When will the Animal Welfare Act be passed? : ‘Owners are paid for parading their elephants’ | Sunday Observer

When will the Animal Welfare Act be passed? : ‘Owners are paid for parading their elephants’

The picture of Tikiri showing her emaciated body, that went viral. Pic: Internet
The picture of Tikiri showing her emaciated body, that went viral. Pic: Internet

Tikiri was forced to parade at the Esala Maha Perahera despite the Wildlife Department’s recommendation to let the giant jumbo rest in its annual registration of tuskers’ permits. This was a violation of animal rights, Director Wildlife Tharaka Prasad said, adding that the 70-year-old Tikiri’s custodians have neglected their responsibility of paying attention to the tusker’s deteriorating health.

“The Animal Welfare Act is still at pending stage and needs to be approved soon if we are to act against this type of barbarism against animals,” Prasad said.

Tikiri who was not supposed to work in the services of the Perahera this year was somehow sent to parade in it for ten consecutive nights. However, her custodian was forced to withdraw her from the parade after pictures of her went viral on social media.

“This is extremely savage. It is called over-driving an animal that makes it go beyond its capacities. It is also forcing an animal to do something which it cannot do without undergoing so much pain,” said Jagath Gunewardane, environmental lawyer. “It’s the Wildlife Department that owns these animals. The ones who call themselves owners are just their custodians,” he said.

Gunawardane also said that if external forces did not interfere, the Wildlife Department can be made accountable for animals such as Tikiri.

The annual Esala Maha Perahera draws thousands of tourists from across the world. Addressing Tikiri’s plight Minister of Tourism Development, Wildlife and Christian Religious Affairs John Amaratunga said in a statement the tusker collapsed the day after the withdrawal from the perahera.

“I have requested officials of my Ministry to initiate an inquiry to ascertain how and why an elephant in such poor health was used in the perahera and to take necessary action against those responsible ”. According to the statement, Minister Amaratunga had instructed the veterinary surgeons of the Department of Wildlife Conservation to immediately inspect the condition of the elephant and recommend remedial measures.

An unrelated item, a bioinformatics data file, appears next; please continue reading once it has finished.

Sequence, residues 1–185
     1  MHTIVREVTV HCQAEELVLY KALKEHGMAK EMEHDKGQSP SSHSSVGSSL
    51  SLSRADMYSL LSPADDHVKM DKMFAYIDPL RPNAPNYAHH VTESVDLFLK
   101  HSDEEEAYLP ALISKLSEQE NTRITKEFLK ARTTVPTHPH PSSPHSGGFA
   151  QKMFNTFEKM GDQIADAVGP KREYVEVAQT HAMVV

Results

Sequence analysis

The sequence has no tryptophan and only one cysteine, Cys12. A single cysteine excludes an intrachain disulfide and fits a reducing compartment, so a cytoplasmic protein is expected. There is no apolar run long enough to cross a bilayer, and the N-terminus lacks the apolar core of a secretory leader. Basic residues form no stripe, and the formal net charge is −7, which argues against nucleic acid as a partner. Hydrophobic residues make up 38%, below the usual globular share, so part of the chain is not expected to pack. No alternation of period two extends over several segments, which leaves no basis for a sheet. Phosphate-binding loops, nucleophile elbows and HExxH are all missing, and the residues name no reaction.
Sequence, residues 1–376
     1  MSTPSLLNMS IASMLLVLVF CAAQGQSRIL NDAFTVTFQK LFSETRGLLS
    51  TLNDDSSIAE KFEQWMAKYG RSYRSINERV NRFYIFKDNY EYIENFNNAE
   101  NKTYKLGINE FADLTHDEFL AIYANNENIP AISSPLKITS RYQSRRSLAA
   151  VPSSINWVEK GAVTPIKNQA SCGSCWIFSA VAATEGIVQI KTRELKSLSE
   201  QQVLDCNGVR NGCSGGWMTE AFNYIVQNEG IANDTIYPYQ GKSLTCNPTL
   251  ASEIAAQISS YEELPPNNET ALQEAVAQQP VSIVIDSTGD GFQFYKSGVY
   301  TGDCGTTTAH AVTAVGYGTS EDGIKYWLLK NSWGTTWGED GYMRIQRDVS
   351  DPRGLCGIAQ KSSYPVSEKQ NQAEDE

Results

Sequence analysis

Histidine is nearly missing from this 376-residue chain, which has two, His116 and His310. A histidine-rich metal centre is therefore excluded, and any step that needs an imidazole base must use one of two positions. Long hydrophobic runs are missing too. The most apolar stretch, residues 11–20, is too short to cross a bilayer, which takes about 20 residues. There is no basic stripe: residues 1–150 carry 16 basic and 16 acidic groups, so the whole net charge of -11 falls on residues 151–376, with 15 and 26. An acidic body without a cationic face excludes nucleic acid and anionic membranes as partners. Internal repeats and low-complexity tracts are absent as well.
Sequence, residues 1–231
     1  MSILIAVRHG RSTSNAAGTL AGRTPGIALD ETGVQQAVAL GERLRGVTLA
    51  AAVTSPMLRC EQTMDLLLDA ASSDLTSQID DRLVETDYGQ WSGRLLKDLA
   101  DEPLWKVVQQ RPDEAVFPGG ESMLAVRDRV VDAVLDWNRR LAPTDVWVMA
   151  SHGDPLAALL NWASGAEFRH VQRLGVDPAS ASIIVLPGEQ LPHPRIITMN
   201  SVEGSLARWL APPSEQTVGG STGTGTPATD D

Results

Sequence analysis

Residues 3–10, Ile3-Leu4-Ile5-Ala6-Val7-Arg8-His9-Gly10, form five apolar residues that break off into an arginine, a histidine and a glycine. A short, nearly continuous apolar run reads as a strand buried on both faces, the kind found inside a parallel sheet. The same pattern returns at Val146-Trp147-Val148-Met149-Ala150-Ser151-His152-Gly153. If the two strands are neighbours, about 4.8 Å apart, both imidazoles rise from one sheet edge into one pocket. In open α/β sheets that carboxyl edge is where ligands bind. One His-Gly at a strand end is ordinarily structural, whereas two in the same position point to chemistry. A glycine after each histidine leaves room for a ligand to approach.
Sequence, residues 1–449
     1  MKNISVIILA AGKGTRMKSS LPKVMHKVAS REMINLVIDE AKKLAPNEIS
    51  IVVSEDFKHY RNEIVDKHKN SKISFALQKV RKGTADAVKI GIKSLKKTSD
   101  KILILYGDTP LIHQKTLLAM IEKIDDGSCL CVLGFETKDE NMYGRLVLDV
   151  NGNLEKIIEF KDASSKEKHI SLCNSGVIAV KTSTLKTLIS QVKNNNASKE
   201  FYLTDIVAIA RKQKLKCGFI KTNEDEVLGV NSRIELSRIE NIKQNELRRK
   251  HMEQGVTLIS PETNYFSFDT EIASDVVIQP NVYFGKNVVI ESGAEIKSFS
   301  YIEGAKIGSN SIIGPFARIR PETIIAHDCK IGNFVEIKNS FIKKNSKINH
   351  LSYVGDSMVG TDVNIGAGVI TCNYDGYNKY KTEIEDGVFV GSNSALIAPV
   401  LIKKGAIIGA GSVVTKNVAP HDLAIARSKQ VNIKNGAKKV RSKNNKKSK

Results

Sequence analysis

“No religion demands such devotion, not even from an animal. This is extremely savage. We should use tuskers in sound health for something sacred like this,” said Sumith Papiliyana, a conservationist, emphasizing the essentiality of conserving rights of animals who dedicate more than a half of their lives for the sake of fulfilling religious customs. He mentioned the urgency of bringing out criterion where government veterinarians recommend their parading depending on their health conditions.

Jayantha Jayewardene, Managing Trustee, Biodiversity and Elephant Conservation Trust and a member of the Asian Elephant Specialist Group said that how this 70-year-old animal got into the parade is still a mystery. “Basically, they train the mahouts too here. These animals are trained by force inflicting fear. They are being hit and chained and their owners get paid by the Temple of the Tooth Relic for offering their elephants for the parade,” said Jayewardene.

Tikiri’s owner had told the media that he put her in the parade for religious reasons. The unnamed man had said she had walked in every parade since she was five. She had been sick and he had spent $9,000 on her medication. He had promised his god that she would walk in the parade if she got better.

At this point, the Save Elephants Foundation based in Thailand has created a petition with a call to boycott Sri Lankan elephant attractions till the Government takes action against animal barbarism. The petition has already got 8,000 signatures.

Early in January this year, inflammatory protests came up demanding the Animal Welfare Bill to be passed in Parliament. But still, the law that prevails is that of 1907 with a maximum fine of 100 rupees for animal cruelty. Even though it was originally drafted in 2006 and was finalized in 2017, as public support remained dormant over the years it still remains a compelling requisite for the sake of the lives of the voiceless animals.

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